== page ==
Since the dawn of sci-fi thrillers and the realization of computing power, people have been excited about the capabilities of technology. In this series, we have discussed technology’s power in meeting the basic needs of treasury management and have explored the technology-powered layers your organization can add to strengthen, reinforce, and spotlight its potential cash-management capabilities. The last layer in reaching your company’s full potential is achieving self-actualization through machine learning.

Results from the Association for Finance Professionals’ Strategic Treasury Survey showed that “80% of treasury and finance professionals believe that treasury is currently playing a more strategic role at their organizations than in the past three years, [and] a large majority (80%) agree that the strategic role of treasury will grow further at their companies, and that the function will be playing a greater strategic role three years from now.”

Artificial Intelligence and Robotics

Before diving into machine learning, we need to define two commonly used terms in this space: robotics and artificial intelligence (A.I.).

Robotics refers to programable machines that are used to carry out tasks in an automated fashion. This is as simple as a VBA-based macro in Excel or as complex as an assembly line. There can be various levels of human intervention and means by which the “robot” interacts with the physical world.

Artificial intelligence (AI), on the other hand, takes robotics to a new level. When applied to a robotic process, this programming allows a system to learn from the data it consumes or tasks it completes. The key difference boils down to one word: “intelligence.”  With AI, the “how” of completing a task is up to the AI to develop, while with robotics, the “how” is preprogrammed.

Today, we interact with these technologies without giving it much thought. Robotics can be found in your home, such as when you set your coffee maker to start brewing at a certain time. It also is found in personal banking when setting up automated payments or other notifications. AI is the basis for your personalized Apple Music or Spotify playlists made “just for you,” or for smart tolling systems on the highway.

Treasury Applications

What about your day-to-day business activities?

Examples of robotics are easier to identify. Over the last decade, companies have pushed for greater task automation with the goal of achieving efficiencies, reducing errors, and gaining cost savings. Use cases for robotics often have very similar characteristics: repetitive, manual, and time-consuming. In the world of treasury management, organizations are either using Excel or relying on treasury management systems (TMSs) to address many of these pain points, including determining cash positions, performing reconciliations, and calculating metrics.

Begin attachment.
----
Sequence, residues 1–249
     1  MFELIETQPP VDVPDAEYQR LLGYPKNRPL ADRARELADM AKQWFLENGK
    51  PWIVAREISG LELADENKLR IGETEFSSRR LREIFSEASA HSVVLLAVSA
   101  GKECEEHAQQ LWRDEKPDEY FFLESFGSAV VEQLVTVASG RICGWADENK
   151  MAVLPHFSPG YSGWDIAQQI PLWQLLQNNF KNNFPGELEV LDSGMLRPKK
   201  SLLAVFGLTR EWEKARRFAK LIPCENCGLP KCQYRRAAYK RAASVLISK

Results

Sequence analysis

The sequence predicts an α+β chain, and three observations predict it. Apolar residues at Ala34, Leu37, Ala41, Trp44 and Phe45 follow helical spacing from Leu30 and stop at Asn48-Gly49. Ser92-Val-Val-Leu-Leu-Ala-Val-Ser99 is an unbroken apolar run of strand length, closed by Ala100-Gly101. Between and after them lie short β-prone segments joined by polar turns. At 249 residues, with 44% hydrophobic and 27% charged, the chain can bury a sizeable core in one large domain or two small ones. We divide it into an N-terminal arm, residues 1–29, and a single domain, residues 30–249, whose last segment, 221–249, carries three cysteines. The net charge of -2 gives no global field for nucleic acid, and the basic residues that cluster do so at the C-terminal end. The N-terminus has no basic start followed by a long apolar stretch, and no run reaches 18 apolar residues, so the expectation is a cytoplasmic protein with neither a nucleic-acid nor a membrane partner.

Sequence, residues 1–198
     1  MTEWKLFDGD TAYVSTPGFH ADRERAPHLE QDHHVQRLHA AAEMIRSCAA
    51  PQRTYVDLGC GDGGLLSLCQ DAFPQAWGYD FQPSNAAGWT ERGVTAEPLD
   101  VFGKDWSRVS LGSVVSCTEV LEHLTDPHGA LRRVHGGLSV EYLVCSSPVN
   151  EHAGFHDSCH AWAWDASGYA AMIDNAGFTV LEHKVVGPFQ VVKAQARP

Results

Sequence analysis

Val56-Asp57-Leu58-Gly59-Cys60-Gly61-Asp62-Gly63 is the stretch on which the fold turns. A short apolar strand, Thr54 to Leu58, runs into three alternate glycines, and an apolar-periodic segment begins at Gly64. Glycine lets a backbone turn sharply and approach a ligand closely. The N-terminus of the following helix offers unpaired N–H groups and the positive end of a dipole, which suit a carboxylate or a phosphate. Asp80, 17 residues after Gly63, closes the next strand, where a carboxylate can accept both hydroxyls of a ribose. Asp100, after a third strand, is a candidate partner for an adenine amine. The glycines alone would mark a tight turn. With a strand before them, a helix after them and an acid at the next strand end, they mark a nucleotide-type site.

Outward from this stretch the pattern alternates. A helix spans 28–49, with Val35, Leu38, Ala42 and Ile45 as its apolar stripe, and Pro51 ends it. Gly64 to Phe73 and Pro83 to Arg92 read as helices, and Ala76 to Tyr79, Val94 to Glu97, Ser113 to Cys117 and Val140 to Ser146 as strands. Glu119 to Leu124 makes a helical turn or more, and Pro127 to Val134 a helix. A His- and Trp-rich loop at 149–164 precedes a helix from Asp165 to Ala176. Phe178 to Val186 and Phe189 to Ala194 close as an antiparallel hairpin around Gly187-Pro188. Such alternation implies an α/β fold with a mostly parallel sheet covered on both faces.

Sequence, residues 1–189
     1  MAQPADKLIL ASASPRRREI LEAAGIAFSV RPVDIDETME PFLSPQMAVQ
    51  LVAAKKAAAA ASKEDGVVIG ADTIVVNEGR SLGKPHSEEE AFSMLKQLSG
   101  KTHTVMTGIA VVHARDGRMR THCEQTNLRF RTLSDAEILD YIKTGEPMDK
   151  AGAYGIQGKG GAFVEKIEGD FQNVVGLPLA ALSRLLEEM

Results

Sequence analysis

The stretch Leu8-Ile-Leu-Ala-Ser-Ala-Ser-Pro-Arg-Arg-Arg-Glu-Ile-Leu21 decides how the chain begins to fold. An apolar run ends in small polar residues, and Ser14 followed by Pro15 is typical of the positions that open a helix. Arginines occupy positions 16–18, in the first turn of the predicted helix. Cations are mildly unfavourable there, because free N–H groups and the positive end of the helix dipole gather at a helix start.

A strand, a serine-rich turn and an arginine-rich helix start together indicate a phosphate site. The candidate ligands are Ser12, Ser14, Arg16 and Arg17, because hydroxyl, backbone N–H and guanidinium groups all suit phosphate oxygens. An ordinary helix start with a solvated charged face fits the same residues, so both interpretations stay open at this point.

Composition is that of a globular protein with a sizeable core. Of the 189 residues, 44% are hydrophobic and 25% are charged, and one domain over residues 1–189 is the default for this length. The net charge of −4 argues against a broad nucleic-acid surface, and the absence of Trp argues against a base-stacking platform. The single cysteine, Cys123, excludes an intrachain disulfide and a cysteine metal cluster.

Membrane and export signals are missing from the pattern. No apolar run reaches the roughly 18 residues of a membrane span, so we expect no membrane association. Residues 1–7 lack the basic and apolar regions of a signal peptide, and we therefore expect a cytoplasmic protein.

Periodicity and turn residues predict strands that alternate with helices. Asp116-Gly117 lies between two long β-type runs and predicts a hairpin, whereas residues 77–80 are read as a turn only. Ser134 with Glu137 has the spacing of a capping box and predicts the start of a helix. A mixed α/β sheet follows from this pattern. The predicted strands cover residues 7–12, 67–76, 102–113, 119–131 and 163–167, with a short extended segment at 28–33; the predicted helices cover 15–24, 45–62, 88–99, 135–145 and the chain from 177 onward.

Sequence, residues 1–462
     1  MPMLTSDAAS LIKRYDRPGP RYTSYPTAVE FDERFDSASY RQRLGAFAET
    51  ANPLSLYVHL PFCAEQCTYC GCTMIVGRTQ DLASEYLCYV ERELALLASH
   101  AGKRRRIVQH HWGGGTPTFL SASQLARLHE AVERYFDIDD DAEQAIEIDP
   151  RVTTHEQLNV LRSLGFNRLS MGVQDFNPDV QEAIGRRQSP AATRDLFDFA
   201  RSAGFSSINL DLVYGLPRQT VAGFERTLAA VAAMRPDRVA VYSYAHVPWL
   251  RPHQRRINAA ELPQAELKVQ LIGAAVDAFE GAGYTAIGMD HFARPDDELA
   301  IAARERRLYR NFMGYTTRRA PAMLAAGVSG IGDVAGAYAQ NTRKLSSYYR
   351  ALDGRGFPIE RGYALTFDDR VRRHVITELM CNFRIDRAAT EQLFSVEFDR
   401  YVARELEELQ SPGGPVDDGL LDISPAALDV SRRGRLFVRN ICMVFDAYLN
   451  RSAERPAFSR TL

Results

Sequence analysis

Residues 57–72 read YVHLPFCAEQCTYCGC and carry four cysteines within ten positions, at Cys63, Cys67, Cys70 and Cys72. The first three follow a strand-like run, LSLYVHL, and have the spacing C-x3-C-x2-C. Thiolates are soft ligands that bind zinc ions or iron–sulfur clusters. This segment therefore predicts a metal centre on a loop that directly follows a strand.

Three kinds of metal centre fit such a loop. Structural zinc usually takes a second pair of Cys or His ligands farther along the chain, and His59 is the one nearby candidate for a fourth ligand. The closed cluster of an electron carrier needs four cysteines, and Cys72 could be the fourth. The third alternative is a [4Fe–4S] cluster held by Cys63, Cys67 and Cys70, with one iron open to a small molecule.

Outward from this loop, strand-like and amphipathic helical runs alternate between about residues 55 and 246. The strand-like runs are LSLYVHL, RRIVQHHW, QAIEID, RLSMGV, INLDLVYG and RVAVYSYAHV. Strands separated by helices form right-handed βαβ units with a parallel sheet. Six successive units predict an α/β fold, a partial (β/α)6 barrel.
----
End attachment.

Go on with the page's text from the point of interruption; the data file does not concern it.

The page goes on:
The most common applications of AI are with machine learning. This is when you take those robotic examples and apply AI to create systems that are learning as they go.

A common example is the application of AI in augmenting the data-consolidation process to create forecasts. According to the Association for Finance Professionals (AFP), “to create the forecast, treasury needs to consolidate the data correctly to make sure it is getting the right data sources from the TMS and ERP systems.” By creating a connection between a specific forecast input and the actual historic data for that time, treasury teams can select more appropriate forecast methodologies. For example, again from the AFP, “attempting to forecast based on due dates for payments is pointless, as customers rarely pay precisely when you require them to. Hence why it is so important to look at the historical trends and patterns, if available.”

Most treasury teams have not yet made the leap to utilizing A.I., but the use cases are prolific and offer great opportunities.

At Kyriba, “use cases such as detection of payment anomalies, smart forecasting and cash reconciliation, and potentially hedge optimization are currently in testing with corporate customers that are eager to harness the new technology.”  

Don’t Go It Alone

Whether you are just starting out on the journey or already are ahead of the curve, 2020 will be an important year to get your hands dirty. If you don’t know where to start, speak with your TMS provider today. If you don’t currently utilize a TMS, or are unsure if your current provider is right for you, contact MorganFranklin today to take the first step in your bank-account rationalization journey.

By Ken Fick

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